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Saturday, April 19, 2014

US-funded bus system in the works

Thomas J. Camacho, the governor’s special assistant for public transportation, says in an interview yesterday on Capital Hill that his office has been working on a proposal for an “expanded” public bus system on Saipan. (Haidee V. Eugenio) Saipan may soon have a federally-funded public transportation system that will initially include two 15- to 20-passenger buses on a flexible-route system as early as next year, to be operated by a private company under contract with the Commonwealth Transit Authority, or COTA. Members of the House Public Utilities, Transportation and Communications Committee separately said yesterday they welcome such undertaking but it has to be carefully studied.

The cost to residents and tourists could be $1.50 to $2 per segment or from point A to point B, depending on the results of an ongoing review.

This is expected to be lower than the current rate of about $6 paid by people with disabilities and man’amko availing of the now-temporarily suspended Call-A-Ride.

Thomas J. Camacho, the governor’s special assistant for public transportation, said yesterday that his office has been working on this proposal for an “expanded” transportation service, in addition to the para-transit system commonly known as the Saipan Call-A-Ride transportation service for people with disabilities and the elderly or man’amko.

Camacho, who also chairs the COTA advisory board, said when COTA submits its budget to the Federal Transit Authority for the Saipan Call-A-Ride, it will also include a proposal to expand the current specialized services to the public that has no means to go from one place to another.

But Rep. Stanley Torres (Ind-Saipan), chairman of the House PUTC Committee, said this should be “carefully studied” to avoid having the CNMI government subsidizing the public bus system if the federal government stops paying for the operations and maintenance after the second or third year. He supports providing an affordable public transportation to the public.

“Considering our own financial constraint, we don’t want the local government paying for it in the end. Would the federal government also pay for the maintenance, the bus drivers, the gas? It has to be carefully studied and considered,” Torres told Saipan Tribune.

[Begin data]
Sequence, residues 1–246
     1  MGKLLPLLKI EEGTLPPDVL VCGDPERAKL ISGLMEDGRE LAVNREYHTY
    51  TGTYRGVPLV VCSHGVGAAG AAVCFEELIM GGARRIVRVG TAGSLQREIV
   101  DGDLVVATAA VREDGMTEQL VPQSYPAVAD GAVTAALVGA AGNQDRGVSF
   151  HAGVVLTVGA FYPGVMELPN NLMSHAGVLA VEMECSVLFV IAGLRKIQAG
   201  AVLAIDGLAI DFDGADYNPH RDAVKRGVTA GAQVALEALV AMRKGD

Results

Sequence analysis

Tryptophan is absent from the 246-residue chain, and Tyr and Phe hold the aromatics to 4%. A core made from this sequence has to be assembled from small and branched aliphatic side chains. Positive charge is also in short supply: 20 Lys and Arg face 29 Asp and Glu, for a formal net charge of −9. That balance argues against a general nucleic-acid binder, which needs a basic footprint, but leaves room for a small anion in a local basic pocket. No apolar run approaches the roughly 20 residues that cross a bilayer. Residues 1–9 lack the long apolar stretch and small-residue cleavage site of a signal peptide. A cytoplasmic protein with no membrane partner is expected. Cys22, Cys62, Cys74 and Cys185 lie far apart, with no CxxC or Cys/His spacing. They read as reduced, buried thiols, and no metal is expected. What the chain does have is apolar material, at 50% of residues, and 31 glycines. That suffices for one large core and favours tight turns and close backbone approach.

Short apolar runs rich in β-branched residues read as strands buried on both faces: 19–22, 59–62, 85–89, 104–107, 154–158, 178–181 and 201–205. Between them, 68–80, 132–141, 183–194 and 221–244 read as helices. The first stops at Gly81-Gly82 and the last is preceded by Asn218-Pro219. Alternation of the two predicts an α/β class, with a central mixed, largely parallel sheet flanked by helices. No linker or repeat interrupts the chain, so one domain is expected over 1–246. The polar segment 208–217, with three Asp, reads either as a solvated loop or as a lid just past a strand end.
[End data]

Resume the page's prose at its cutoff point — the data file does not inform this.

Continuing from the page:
Rep. Frank Dela Cruz (R-Saipan), a member of the House PUTC panel, said a public transpiration system would alleviate the continued increase in the cost of gasoline. He also said there are still many people who do not have their own transportation.

“This will assist them. This is also a result of a bill introduced by Rep. Ray Yumul and I am glad this is moving forward and Mr. Tom Camacho is on top of this,” he said. Dela Cruz is also chairman of the Public Infrastructure Committee of the Saipan and Northern Islands Legislative Delegation.

Camacho said the FTA will fund the purchase of the buses for COTA, along with funding for its operations and maintenance. COTA will bid out the actual operations of the buses to private companies.

“We are not going to operate it directly because we don’t want to do that. We’re going to monitor and maintain ensuring the service is provided out there by a private company. We’re going to bid them out,” he said in an interview yesterday on Capital Hill.

He said the plan is also to “take over the current Saipan Call-a-Ride and expand that by adding two mini-buses that would go around the island [in] a flex-route system, not a fixed route,” which goes by fixed time and stops.

Under the flex route system, the buses could pick up and drop off passengers in areas where there are essential or critical government or public services such as the Commonwealth Healthcare Corp., Northern Marianas College, Northern Marianas Housing Corp., or government offices on Capital Hill, as well as major spots for shopping and recreation such as parks. But Camacho said if somebody needs to be picked up from Kagman, for example, the bus may also go to Kagman and then back to the normal route.

“That can deviate, that can go into the village, and then go back to its regular routine, and continue on. We may allow people to just maybe wave the bus down to be picked up along the route and or be dropped off, not necessarily on designated areas. It gives that flexibility,” Camacho said.

He said there is going to be a lot of planning involved. They also want to make sure the plan complies with local and federal requirements such as the Americans with Disabilities Act.

Camacho said in the fiscal year 2013 cycle, COTA would want to expand the service to Rota and Tinian by buying additional vans.

Besides providing public transportation, the project would also spur economic activities and provide jobs to drivers, dispatchers, maintenance staff and mechanics, among other things.

COTA is also awaiting the results of a study on the feasibility of having an interisland ferry.

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